Fighting Metastasis, Going to the Ice Giants, and Finding New Planets | Vol. 4 / No. 35

Interleukin 6 and Interleukin 8 | Image: Ramin Herati, CC0 (Public Domain)

This week we’ve got stories on a new way to fight cancer, a report on potentially going to Uranus and Neptune, and ten more “Earth-like” planets found in the Kepler data! It’s the weekly roundup for Sunday, June 25, 2017.

Fighting Metastasis

Nine out of ten cancer deaths have one thing in common: metastasis, the process by which parts of a single, localized tumour spread throughout the body. And now it looks like we can fight it. Hasini Jayatilaka and a team of researchers at Johns Hopkins have identified key steps in the process and are identifying drugs that can delay, prevent, or otherwise interfere with it. Metastasis, they’ve found, isn’t the result of a tumour getting too large, but rather too dense. Once it reaches a certain density, it produces two key proteins that tell its outer cells to break off and go find a new home, often in the lungs, brain, liver, bones, kidneys, and so on. Most cancer deaths are not the result of a localized tumour, but of these cells spreading to more potentially fatal areas—most people do not die, for example, of a single growth in the breast or prostate or skin. By preventing the signalling that leads to these cells spreading, cancer could be turned into a chronic illness rather than an acute one. What’s more, the scientists have found that there are already two drugs approves and on the market that happen to target these proteins, and now that they’ve been identified, they can be added to current chemotherapy regimens to improve survival rates. It’s a really great piece of health news. If you want more on the story, you can go look up the details at the Chicago Tribune.


Two views of Uranus | Photo: NASA Goddard Space Flight Center, CC BY 2.0

Ice Giants

Science, especially planetary science, takes a lot of planning. A LOT. And most of it starts with studies commissioned in the lead-ups to what are called the “Decadal Surveys,” specifically, the Planetary Science Decada Surveys. Scientists periodically get together and bring their best analyses on what we don’t know, what we want to know, and what would be the best bang for our scientific buck, and use these reports as a way of steering planetary science for the next ten years or so. And so it’s with a mixture of excitement and patience that I’m reporting the publishing this month of a pre-decadal survey report on going back to Uranus and Neptune, the so-called “ice giants.”Basically, the last time we went was with Voyager II back in 1986, and we just sorta flew by. But as we’ve seen with the incredible science coming from Juno as it takes its rather long trips around Jupiter, our understanding of the larger members of our solar system was… let’s say not complete. Great for thirty years ago. But it’s 2017, and now holy cow is Jupiter terrifyingly cool or what? So now we need (need) to send something to visit the ice giants, which have extremely different properties from Jupiter and Saturn (the “gas giants”), including a very different composition, possible oceans under the gas, and of course Uranus’s totally bizarre sideward tilt. The pre-decadal report explores launch dates from 2024 to 2037 with an 11-year flight time, so we’re talking in the not-exactly-near future, but these kinds of missions take a long time to build, launch, and get there, so if we want to know more we need to start pronto. I really hope the work of these scientists convinces the scientific community of the need to go. You can find the (Very Long) report here and the much more readable executive summary here.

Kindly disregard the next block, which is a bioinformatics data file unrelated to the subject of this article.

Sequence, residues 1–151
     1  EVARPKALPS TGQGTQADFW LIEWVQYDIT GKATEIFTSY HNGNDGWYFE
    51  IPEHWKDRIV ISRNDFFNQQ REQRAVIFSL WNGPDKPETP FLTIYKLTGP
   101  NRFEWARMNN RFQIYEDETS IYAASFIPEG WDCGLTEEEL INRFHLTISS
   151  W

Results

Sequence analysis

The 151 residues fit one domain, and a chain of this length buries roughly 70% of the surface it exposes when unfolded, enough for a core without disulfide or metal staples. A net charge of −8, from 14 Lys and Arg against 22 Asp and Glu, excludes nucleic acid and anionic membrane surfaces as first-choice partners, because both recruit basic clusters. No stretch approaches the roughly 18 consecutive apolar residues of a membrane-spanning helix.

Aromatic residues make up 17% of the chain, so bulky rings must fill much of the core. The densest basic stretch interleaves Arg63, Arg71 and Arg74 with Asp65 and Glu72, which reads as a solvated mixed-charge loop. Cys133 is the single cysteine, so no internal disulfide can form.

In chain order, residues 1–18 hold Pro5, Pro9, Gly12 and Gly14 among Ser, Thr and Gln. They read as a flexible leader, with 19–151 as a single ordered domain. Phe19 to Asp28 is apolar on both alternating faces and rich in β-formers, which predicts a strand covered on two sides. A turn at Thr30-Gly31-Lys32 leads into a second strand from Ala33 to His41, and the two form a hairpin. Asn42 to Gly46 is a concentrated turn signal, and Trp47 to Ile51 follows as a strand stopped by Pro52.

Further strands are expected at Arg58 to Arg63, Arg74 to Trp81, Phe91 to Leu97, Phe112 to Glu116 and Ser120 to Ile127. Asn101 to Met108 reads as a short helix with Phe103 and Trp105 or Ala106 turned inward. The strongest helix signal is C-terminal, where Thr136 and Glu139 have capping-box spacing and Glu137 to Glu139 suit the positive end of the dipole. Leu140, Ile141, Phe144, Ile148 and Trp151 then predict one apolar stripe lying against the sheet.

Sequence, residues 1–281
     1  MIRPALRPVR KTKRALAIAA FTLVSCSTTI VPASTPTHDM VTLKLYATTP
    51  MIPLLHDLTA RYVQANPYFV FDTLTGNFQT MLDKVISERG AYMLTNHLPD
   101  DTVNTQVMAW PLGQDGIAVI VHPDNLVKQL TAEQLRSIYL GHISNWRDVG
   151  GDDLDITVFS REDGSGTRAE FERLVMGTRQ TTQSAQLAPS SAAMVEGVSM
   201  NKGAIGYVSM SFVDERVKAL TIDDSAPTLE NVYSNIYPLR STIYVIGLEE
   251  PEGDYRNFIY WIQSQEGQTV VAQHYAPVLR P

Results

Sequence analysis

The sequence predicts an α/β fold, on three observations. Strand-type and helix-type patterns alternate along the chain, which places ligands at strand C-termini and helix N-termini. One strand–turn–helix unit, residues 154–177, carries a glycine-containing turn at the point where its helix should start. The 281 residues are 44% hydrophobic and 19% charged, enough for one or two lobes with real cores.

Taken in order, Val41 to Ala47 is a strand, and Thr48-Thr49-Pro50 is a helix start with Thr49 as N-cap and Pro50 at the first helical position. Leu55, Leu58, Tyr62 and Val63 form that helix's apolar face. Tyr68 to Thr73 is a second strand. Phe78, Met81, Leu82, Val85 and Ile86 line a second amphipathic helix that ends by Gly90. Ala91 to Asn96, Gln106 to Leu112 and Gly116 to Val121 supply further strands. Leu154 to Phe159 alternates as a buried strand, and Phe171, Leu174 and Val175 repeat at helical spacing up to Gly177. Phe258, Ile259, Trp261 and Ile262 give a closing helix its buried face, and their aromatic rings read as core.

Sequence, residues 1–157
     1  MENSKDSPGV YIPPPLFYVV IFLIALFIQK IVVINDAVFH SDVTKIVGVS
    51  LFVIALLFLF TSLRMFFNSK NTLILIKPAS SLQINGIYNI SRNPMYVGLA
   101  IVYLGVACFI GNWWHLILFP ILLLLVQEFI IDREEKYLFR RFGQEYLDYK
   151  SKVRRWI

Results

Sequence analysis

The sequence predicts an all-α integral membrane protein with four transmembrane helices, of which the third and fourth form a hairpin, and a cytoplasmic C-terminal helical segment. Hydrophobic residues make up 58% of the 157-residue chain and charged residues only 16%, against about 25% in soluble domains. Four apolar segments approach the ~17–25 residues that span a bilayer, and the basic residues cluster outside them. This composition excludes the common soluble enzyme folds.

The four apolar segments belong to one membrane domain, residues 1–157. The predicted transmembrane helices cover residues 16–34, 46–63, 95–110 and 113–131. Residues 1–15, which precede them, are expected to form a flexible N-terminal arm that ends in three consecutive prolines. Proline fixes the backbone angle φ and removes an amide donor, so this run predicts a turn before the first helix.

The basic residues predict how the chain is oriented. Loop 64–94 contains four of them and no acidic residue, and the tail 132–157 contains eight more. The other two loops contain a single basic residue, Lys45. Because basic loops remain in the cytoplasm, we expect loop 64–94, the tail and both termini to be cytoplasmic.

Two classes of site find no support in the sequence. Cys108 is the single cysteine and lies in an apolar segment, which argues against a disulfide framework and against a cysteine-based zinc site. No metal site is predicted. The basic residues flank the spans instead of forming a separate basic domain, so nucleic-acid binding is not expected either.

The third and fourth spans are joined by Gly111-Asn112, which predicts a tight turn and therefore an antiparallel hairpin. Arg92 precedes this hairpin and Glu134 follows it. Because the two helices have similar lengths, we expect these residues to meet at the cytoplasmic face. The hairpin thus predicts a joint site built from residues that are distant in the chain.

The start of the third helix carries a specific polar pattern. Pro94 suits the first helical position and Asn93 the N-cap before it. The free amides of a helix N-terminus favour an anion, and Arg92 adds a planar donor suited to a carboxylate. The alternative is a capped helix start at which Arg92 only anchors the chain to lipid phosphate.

Kepler | Image: NASA Blueshift. CC BY 2.0

Kepler Data Dump 8

In the eighth release of processed data from the Kepler mission, NASA announced this week the discovery of 219 more planets, with ten of those being roughly Earth-sized and in the habitable zones of their host stars, and with five of those around stars roughly comparable to our own. The most Earth-like of these would probably be KOI (Kepler Object of Interest) 7711, which is 1.3 times the size of Earth and orbits a G-type star (like ours) at roughly the same distance we do. Which is good, but not a guarantee of life—as Kepler scientist Susan Thompson pointed out, looking our way you’d see three “Earth-sized” planets in our star’s habitable zone, “but I’d only want to live on one of them.” This brings the total number of “habitable-zone” “Earth-sized” Kepler planets to 49, which out of a total of 2,335 confirmed planets really isn’t that bad. The results continue to shore up the idea that environments that could potentially support life as we know it are statistically far likelier than we used to think, and also help us fill in our best guesses in the Drake Equation. The K2 mission is now continuing through 2018 and beyond, collecting yet more data which will be processed to find yet more planets. In the meantime you can read about the latest results at the Washington Post.


Best of the Rest

As always, there’s only so much news I can pack into one weekly roundup, so here’s a whole lot of links for your perusal, in case you need more reading material.

That’s all for today, have a great week.


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Richard Ford Burley is a human, writer, and doctoral candidate at Boston College, as well as Deputy Managing Editor at Ledger, the first academic journal devoted to Bitcoin and other cryptocurrencies. In his spare time he writes about science, skepticism, feminism, and futurism here at This Week In Tomorrow.